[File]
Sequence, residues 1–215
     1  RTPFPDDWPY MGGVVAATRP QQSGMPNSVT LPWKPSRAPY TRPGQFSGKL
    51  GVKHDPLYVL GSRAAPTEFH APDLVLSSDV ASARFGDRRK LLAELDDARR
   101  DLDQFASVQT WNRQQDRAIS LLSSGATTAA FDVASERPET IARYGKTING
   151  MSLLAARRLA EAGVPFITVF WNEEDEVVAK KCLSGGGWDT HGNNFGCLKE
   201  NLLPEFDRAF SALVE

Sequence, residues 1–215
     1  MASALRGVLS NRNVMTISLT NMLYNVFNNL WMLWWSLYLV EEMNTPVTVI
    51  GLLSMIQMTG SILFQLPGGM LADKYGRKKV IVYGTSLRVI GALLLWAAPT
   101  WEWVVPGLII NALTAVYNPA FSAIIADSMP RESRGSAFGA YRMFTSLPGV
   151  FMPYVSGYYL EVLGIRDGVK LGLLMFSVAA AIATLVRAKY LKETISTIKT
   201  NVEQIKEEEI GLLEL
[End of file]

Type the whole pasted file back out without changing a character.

Sequence, residues 1–215
     1  RTPFPDDWPY MGGVVAATRP QQSGMPNSVT LPWKPSRAPY TRPGQFSGKL
    51  GVKHDPLYVL GSRAAPTEFH APDLVLSSDV ASARFGDRRK LLAELDDARR
   101  DLDQFASVQT WNRQQDRAIS LLSSGATTAA FDVASERPET IARYGKTING
   151  MSLLAARRLA EAGVPFITVF WNEEDEVVAK KCLSGGGWDT HGNNFGCLKE
   201  NLLPEFDRAF SALVE

Sequence, residues 1–215
     1  MASALRGVLS NRNVMTISLT NMLYNVFNNL WMLWWSLYLV EEMNTPVTVI
    51  GLLSMIQMTG SILFQLPGGM LADKYGRKKV IVYGTSLRVI GALLLWAAPT
   101  WEWVVPGLII NALTAVYNPA FSAIIADSMP RESRGSAFGA YRMFTSLPGV
   151  FMPYVSGYYL EVLGIRDGVK LGLLMFSVAA AIATLVRAKY LKETISTIKT
   201  NVEQIKEEEI GLLEL